You hear this phrase a lot in spiritual circles — “waking up” or having a “spiritual awakening.” But what does it mean to “awaken”? The topic can be a bit confusing because awakening can mean many things to different people, and the word and its many variants are often used to describe different experiences. In short, there is more than one type of awakening.*
Boiled down to its most basic principle, awakening is a process that challenges and subverts your framework for understanding the nature of reality. During a stage of awakening, you shift your perspective on how you see the world. In doing so, you jettison an older, more limited framework for understanding the world and incorporate new concepts that you had previously ignored or rejected. A genuine awakening causes you to recognize that much of what you previously thought or understood was quite limited or partial.
Awakening is related to, but distinct from, enlightenment. Enlightenment is a state of being in complete alignment with all that is. In enlightenment, you go beyond all duality, beyond all space and time, to experience the fullness of the universe in both form and beyond form — or in Buddhist parlance, emptiness. This is a place of non-judgment, where the paradoxes between relative and universal truths are understood and resolved. In this state, you are connected with all of life in a state of total and unconditional love. Enlightenment requires awakening, but awakening does not necessarily result in enlightenment.
Let’s look closer at four key stages of awakening: (1) awakening to the constructed nature of society; (2) awakening to the conditioned nature of the mind; (3) awakening to the unseen universe (what might also be called the realm of the Divine); and (4) and awakening to the natural world. There are no doubt other forms of awakening, but these four are often connected, and each one may inform or lead to another.
Awakening to the Constructed Nature of Society
For many people, awakening starts with the realization that the world is a social construct. Many of the categories that we use to understand other people — such as gender, race, and sexual orientation — do not reflect anything “natural” or “essential.” They are, instead, categories that we have, on a collective level, created out of language, and now form part of our how we see the world. The constructed nature of these categories is not always readily apparent, however; they take on the appearance of being fixed and natural. Because there is nothing essential or fixed about them, understanding how they have been constructed is a critical step in imagining and creating new ways of being in the world.
Gender categories, for example, such as “man” and “woman” have for millennia been constructed not to reflect genetic or anatomical differences, but rather, aspects such as presentation (i.e., dress, hair, mannerisms), emotional expression (i.e., certain emotions are “feminine” and others “masculine”), and roles or ways of being in the world (i.e., men and women are qualified to do different tasks or professions). The construction of those categories erases similarities and fortifies differences between them. Crossing the supposedly natural and normal lines between men and women — either through dress or speech or mannerisms or sexuality — has traditionally created certain amounts of social anxiety and discord, leading to the policing of and enforcement of gender norms. Similarly, race and sexual orientation are modern categories that emerged as pseudo-scientific efforts to categorize and distinguish groups of people based on specific traits or qualities.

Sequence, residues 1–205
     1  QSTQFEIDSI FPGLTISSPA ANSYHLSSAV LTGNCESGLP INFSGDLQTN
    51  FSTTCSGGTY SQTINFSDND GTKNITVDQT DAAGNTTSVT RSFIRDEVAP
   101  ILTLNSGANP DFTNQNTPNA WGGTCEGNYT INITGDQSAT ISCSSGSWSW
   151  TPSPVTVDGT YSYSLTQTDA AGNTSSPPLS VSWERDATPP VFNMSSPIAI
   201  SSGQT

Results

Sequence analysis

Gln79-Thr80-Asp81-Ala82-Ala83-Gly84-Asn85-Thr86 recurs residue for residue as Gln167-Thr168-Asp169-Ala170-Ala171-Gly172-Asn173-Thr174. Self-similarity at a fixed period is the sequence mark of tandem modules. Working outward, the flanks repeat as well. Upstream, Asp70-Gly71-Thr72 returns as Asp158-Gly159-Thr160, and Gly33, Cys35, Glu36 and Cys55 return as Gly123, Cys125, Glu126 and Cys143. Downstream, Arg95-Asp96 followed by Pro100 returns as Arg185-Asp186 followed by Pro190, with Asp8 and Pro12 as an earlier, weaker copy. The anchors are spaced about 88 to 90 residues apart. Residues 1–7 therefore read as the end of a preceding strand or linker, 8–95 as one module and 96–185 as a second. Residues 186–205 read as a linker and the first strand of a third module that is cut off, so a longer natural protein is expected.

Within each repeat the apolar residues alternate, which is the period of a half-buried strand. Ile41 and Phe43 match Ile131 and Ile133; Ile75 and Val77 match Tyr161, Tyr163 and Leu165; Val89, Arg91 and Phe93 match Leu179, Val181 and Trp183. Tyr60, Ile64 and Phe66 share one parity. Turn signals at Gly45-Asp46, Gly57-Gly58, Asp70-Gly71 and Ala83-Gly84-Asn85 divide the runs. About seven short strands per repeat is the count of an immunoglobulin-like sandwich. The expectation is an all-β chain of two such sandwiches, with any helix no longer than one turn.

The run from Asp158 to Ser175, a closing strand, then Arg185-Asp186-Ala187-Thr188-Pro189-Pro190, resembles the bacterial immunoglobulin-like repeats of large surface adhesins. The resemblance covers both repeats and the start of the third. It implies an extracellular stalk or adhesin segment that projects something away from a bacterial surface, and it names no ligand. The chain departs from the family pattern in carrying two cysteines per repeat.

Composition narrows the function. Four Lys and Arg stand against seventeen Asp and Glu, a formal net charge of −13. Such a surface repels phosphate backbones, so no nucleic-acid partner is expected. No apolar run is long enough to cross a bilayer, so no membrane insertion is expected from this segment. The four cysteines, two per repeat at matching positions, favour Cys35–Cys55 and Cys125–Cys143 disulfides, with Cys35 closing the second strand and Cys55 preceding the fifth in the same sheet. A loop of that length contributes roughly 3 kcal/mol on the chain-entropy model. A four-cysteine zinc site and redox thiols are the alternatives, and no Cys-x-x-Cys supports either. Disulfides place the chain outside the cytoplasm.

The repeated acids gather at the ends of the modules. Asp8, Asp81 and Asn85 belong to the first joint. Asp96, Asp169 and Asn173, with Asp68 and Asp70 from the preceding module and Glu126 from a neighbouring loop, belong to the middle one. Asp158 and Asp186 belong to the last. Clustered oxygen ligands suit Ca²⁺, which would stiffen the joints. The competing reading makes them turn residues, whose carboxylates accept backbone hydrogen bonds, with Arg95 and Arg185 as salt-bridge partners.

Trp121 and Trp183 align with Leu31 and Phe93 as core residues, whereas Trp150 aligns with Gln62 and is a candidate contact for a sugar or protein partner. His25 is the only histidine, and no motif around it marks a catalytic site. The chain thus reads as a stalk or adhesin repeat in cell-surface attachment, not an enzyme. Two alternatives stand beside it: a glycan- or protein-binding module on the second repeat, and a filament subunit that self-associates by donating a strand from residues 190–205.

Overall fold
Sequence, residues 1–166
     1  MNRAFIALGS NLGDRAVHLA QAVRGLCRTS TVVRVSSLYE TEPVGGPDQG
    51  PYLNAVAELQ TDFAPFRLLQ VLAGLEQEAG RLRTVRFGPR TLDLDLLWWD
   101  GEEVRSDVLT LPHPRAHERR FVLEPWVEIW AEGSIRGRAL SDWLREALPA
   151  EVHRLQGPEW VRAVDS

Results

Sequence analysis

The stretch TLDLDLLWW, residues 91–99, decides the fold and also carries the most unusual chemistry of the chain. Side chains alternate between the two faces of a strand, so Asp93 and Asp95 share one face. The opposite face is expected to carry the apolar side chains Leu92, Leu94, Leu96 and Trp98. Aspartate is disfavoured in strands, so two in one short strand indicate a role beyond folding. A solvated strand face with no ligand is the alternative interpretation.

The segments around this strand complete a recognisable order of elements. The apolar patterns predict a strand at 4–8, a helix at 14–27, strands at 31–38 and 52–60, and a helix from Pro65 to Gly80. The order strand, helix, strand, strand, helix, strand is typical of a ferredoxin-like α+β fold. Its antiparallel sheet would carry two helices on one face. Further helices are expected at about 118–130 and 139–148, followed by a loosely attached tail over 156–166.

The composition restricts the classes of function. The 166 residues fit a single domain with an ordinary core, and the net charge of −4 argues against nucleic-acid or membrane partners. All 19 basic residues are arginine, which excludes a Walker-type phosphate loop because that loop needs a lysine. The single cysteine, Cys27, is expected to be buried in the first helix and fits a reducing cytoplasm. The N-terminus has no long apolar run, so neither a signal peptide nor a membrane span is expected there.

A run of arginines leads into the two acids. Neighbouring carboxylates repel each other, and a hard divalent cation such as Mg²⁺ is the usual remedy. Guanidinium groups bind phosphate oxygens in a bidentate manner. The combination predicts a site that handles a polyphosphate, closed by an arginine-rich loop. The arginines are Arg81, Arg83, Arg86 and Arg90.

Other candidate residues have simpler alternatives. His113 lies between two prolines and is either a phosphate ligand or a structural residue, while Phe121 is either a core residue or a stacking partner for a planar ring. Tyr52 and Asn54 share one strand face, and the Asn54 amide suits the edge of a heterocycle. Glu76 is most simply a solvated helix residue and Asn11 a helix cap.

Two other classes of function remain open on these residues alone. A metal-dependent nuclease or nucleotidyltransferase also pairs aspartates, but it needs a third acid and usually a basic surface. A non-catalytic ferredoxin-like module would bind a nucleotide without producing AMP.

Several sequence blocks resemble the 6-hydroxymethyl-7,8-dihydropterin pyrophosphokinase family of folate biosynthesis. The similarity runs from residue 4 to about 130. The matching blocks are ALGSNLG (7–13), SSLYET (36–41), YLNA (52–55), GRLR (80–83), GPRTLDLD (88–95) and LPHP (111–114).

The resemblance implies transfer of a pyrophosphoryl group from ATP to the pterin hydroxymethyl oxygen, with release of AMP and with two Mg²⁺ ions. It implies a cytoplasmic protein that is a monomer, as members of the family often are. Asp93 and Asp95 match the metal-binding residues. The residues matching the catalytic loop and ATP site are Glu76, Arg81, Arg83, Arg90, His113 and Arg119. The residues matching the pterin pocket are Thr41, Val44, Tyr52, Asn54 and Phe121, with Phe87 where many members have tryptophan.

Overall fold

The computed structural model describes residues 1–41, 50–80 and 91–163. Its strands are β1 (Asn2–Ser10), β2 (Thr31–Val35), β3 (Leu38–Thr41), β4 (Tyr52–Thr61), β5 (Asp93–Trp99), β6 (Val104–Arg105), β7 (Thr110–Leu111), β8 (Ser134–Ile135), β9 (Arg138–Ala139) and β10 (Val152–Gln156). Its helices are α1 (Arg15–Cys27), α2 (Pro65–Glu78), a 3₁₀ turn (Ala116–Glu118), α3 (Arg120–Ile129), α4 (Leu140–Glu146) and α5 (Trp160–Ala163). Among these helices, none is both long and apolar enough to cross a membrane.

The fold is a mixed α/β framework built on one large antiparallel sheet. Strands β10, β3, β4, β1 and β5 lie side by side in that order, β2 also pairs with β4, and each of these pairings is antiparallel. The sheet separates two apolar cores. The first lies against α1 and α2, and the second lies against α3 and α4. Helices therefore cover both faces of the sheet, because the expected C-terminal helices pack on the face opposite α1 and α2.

Now, such categories are firmly rooted in our social consciousness, and they reinforce perceived differences when, in fact, we are far more similar than our identity categories would suggest. Awakening recognizes that those constructions are designed to separate and distinguish us by relying on “differences” that obscure the fact that the world doesn’t divide neatly into simple binaries like “man” and “woman” or “black” and white” or “gay” and “straight.” Gender and sexuality are far more fluid than a fixed binary, and thankfully, our social constructions are shifting to reflect an expanded awareness of more possibilities for how human sexuality and gender can express itself. Trans men and women are now enjoying increased visibility and acceptance, and we now distinguish men and women who were born biologically as male or female and identify as such as “cis-gender.” Many people eschew gender categories altogether.
Awakening in this sense means that a person begins to understand that not only is society constructed, but also that the ways in which it is constructed almost always reflects imbalances of power. This phase is akin to what many people now refer to as being “woke” — a term that has a particular historical association with discrimination against black people and white supremacy in the United States, but thanks in part to the power of the #BlackLivesMatter movement, which popularized the hashtag #staywoke, is now beginning to broaden to encompass a more general awareness of social injustice. Awakening in this sense conveys the sense that a world that once appeared “natural” or simply unseen and hidden from view is now exposed and brought to light — no longer “normal,” society is revealed to have been created to benefit certain members at the expense of others. The claim that things are “just that way” is nothing more than a disingenuous justification that serves the interests of power.